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TUESDAY, May 21, 2019 (HealthDay News) -- The DASH diet's mission is to fight high blood pressure. But a new study suggests that the eating plan may also significantly lower the risk of heart failure in people younger than 75.
DASH stands for Dietary Approaches to Stop Hypertension. The diet is high in fruits, vegetables, nuts, whole grains, poultry, fish and low-fat dairy products. It's low in salt, red meat, sweets and sugar-sweetened beverages.
"Only a few prior studies have examined the effects of the DASH diet on the incidence of heart failure, and they have yielded conflicting results," said study author Dr. Claudia Campos. She's an associate professor of general internal medicine at Wake Forest School of Medicine in Winston-Salem, N.C.
"This research showed that following the DASH diet can reduce the risk of developing heart failure by almost half, which is better than any medicine," Campos added in a school news release.
Heart failure means the heart can no longer pump effectively. It's a frequent cause of hospitalization for older adults.
For the study, the researchers reviewed the heart health records of nearly 4,500 Americans, aged 45 to 84, from various ethnic groups. The participants had no previous history of heart disease. They provided information about their eating habits and were followed for 13 years.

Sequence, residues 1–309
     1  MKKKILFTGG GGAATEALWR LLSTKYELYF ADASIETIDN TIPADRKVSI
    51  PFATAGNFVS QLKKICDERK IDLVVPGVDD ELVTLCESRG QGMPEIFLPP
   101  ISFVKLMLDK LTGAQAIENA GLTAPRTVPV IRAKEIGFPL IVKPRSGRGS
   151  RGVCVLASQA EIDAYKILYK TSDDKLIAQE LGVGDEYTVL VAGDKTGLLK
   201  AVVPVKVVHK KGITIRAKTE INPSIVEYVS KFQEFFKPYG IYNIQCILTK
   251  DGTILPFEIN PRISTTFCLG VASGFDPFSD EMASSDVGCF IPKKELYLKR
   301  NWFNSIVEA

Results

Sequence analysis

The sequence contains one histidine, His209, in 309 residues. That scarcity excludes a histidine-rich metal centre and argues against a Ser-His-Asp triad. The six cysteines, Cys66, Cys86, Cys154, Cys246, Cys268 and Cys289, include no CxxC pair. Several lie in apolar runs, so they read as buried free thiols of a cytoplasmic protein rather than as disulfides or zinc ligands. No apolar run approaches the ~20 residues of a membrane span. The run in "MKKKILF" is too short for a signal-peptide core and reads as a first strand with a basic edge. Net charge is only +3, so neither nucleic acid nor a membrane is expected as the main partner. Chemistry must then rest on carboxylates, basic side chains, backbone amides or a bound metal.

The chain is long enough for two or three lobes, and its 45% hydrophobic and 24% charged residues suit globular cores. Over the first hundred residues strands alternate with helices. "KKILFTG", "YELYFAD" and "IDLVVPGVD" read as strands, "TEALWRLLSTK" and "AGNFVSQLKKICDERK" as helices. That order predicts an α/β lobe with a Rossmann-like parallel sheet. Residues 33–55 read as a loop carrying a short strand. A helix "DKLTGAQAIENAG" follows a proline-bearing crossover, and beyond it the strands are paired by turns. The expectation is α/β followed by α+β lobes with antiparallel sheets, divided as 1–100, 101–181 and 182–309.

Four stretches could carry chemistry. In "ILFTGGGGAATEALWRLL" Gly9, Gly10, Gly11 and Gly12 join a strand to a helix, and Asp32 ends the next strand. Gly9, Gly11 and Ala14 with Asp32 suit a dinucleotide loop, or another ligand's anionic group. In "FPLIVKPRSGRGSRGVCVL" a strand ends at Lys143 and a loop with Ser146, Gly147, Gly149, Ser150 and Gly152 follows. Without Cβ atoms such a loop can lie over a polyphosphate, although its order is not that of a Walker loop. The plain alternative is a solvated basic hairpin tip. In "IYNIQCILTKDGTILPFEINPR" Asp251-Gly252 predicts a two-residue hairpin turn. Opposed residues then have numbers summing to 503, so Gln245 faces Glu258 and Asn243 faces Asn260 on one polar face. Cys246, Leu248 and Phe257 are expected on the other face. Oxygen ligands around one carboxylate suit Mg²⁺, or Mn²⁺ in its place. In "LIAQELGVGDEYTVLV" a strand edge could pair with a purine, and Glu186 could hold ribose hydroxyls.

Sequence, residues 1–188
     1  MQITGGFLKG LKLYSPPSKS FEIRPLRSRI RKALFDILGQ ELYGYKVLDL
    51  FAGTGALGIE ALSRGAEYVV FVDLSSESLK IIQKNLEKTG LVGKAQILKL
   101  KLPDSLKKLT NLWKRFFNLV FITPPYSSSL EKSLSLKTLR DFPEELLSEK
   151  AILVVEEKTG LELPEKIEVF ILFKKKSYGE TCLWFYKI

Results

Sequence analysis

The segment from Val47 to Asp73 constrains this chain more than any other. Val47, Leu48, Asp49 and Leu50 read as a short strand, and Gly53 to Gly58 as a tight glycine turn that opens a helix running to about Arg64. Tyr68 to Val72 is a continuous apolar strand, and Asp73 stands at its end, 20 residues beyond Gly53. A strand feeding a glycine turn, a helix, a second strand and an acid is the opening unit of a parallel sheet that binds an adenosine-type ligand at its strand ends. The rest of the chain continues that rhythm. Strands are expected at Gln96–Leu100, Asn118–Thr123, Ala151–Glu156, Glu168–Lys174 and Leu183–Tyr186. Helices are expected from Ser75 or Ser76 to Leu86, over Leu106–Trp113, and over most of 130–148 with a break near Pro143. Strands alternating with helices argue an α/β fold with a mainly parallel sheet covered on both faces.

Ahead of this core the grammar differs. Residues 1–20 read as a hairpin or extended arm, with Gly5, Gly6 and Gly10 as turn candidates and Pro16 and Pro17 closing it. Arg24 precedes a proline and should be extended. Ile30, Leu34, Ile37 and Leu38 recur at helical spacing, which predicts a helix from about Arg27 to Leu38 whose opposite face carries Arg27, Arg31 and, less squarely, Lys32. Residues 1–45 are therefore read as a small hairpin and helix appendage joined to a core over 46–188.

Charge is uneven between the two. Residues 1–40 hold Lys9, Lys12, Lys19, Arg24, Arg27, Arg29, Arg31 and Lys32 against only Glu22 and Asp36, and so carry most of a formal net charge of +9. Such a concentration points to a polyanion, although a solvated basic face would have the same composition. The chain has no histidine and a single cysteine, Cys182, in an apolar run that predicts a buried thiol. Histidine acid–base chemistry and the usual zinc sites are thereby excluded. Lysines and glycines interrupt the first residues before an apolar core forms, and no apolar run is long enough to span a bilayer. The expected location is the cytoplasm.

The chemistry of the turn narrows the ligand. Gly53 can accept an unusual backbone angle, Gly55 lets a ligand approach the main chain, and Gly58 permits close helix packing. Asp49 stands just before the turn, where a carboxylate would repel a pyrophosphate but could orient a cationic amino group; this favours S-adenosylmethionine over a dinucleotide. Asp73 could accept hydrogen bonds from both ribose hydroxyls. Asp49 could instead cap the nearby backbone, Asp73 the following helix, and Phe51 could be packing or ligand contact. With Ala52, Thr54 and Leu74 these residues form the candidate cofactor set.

Among people younger than 75, those who most closely followed the DASH diet had a 40% lower risk of developing heart failure than those with the lowest compliance to the diet, the study found.
"Heart failure is a frequent cause of hospitalization in older adults and is associated with substantial health care costs, so identifying modifiable risk factors for heart failure is an important public health goal," Campos said.
"This research provides a framework for further exploration of the DASH diet as an effective element in the primary prevention of heart failure," she concluded.
While it's similar to the Mediterranean diet, the DASH diet differs in that it recommends low-fat dairy products and excludes alcohol.
The study was published online recently in the American Journal of Preventive Medicine.
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SOURCE: Wake Forest School of Medicine, news release, May 2019